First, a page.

“My daughter has made me complete for what I have done to her. She has given me the opportunity to become her mother. It is my immense pleasure to be able to serve her. I learnt from my mother and it is in my bones whatever I have inherited from her. It is just like passing on from one generation to another.” – Gauri on becoming a mother.

 

Raising a child being a transgender is not easy in our society. To affirm the hard-hitting fact, Gauri states that-

 “People have a mindset that why should a transgender be a mother. The heterosexual society has the set of norms and stereotypes. It is painful for me also to come out of this cliché because every time you have to prove that you are a mother.” 

 

It is a blatant truth that the transgender community derives more or less no benefits from the government. 

“In 2014, I was the first person to file a petition to Supreme Court. Indian constitution says I am the citizen of India regardless of which I had to go to Supreme Court. It was so embarrassing for me. The government has to be sensitized towards the single parent.”

Outlook from the Brand Spokesperson-

Advertisements nowadays are not only entitled to the selling of the product but also serving as a compelling force in bringing social awareness about the societal issues to the viewers. The Vicks India – ‘Touch of Care’ advertisement is one such example that strived to bring forth the invincible issue in the country.  The Vicks Brand has stood for Family Care in India for over 50 years

Still from Vicks India ” Touch of Care” advertisement

To collect the perspective concerning with the ideology and thesis behind the campaign, Newsgram connected with the brand spokesperson of P&G. The responses were recorded by Mr. Nitin Darbari, Chairman, and CEO P&G Teva JV China, Marketing Director Asia, Middle East and Africa for P&G.

The ideology affirms the love of a mother for her child.

“In the film, Gauri is not looked at as a transgender but as an epitome of motherhood showing her love and care towards her daughter. The campaign shows how people who, though not connected by blood, end up being a family through care itself. The film resonates with the fast-paced lives of consumers where care goes beyond biological ties.”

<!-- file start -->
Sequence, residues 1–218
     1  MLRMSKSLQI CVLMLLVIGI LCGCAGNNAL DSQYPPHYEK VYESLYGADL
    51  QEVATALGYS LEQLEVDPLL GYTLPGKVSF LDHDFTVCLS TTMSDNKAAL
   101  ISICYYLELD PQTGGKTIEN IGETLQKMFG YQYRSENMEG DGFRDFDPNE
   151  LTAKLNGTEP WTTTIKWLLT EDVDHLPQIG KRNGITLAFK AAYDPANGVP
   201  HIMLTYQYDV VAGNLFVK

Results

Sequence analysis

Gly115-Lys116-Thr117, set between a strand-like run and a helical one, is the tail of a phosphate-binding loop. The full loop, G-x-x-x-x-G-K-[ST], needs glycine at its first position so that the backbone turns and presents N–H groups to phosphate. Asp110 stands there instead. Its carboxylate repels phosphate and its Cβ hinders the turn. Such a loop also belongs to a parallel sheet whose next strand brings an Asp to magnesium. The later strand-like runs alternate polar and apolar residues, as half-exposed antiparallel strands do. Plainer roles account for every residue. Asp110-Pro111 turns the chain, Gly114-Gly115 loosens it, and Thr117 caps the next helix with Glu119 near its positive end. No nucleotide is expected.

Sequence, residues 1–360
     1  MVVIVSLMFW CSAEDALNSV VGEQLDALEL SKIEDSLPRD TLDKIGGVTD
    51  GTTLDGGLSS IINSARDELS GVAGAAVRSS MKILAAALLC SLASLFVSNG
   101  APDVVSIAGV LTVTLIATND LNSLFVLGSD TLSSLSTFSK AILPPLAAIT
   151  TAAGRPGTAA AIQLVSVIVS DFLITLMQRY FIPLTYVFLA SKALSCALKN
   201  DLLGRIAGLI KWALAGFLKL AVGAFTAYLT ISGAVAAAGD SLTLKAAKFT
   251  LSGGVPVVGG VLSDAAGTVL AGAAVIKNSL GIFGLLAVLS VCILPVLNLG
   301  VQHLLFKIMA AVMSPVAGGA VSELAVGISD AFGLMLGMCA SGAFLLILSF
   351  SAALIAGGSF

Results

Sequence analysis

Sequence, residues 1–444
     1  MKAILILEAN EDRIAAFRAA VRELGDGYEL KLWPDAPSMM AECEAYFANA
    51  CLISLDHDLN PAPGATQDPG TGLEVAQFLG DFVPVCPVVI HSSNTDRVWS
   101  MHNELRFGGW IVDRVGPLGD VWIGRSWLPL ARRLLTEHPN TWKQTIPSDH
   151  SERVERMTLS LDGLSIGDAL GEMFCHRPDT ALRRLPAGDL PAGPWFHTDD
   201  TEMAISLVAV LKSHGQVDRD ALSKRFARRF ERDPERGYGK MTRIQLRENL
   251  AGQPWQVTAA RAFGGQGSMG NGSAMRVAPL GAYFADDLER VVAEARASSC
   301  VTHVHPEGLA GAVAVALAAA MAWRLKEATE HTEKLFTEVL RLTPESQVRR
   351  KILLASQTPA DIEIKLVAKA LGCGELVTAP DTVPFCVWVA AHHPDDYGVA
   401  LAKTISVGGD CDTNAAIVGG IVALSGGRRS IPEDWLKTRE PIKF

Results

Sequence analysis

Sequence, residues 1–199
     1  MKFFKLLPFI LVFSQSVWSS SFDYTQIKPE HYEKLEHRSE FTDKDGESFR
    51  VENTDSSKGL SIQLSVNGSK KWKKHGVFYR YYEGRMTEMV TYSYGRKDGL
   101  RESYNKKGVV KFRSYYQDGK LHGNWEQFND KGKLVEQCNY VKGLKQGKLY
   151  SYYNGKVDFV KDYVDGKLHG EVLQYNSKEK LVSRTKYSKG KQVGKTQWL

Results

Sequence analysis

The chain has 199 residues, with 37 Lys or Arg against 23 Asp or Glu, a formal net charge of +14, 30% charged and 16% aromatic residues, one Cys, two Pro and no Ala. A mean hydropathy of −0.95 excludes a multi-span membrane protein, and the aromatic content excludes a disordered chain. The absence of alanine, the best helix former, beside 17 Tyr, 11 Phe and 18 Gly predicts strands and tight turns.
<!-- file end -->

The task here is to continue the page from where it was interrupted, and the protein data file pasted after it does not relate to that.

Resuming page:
The message of the advertisements has made an indelible imprint on the viewer’s mind.

“It celebrates a bond between people who are close to each other beyond biological ties. It strengthens family love and care in the context of Vicks and how Vicks which has taken care of families for generations can bring this to life in a contemporary way. We want consumers to recognize that everyone has a right to family and that wherever there is care, that bond is a family.”

Asked to share the work experience with Gauri Sawant, the team responds “The first thing that struck the team about Gauri was her charisma. Her warmth, intelligence, and humor were reflected in her conversations and in her work. And she kept us rapt with her stories between takes. In one word, unforgettable.”

CREDITS:

Client: Vicks Agency: Publicis Singapore Chief creative officer: Ajay Thrivikraman Creative team: Jocelyn Chabanis and Eugene Pua Account management: Floriane Tripolino and Prachi Partagalkar Account planning: Ed Booty Production house: SeeOn  Director (film): Neeraj Ghaywan  Producer: Deepa Limaye Director of photography: Manoj Kumar Khatoi

The Scene of Transgender in India

Homosexuality is discerned as a Taboo in the present world. While the government frequently passes the verdicts in and against the favor of the dejected community, the society leaves no stone unturned in condemning the Transgender. Their lives are still condemned as “deviant behavior” and are shunned as unacceptable.

Section 377 of the Indian Penal Code is an iron fisted law in the country that criminalizes the sexual relations “against the law of nature”. In 2009, Delhi High Court de-criminalized the consensual homosexual acts, saying “the section denies a gay person a right to full parenthood”.

Homosexuality was recriminalized by the Supreme Court, saying “it was a matter of parliament to take a call on the desirability of contentious provision”.

In 2014, the verdict passed by Supreme Court of India marked a cornerstone in ascertaining the rights of Transgender. The transgender community was thus embossed with basic rights ( Right to Personal Liberty, dignity, Freedom of expression, Right to Education and Empowerment, Right against violence, Discrimination and exploitation and Right to work). The law permitted Transgender to live unreservedly and express their gender identity without any gender crisis. They are now referred as the ‘Third Gender’.

Emphasizing the need to bring them into the mainstream, it was believed that the third gender should have all rights under the law, including marriage, adoption, divorce, succession and inheritance.

Reported by Naina Mishra of Newsgram, Twitter: Nainamishr94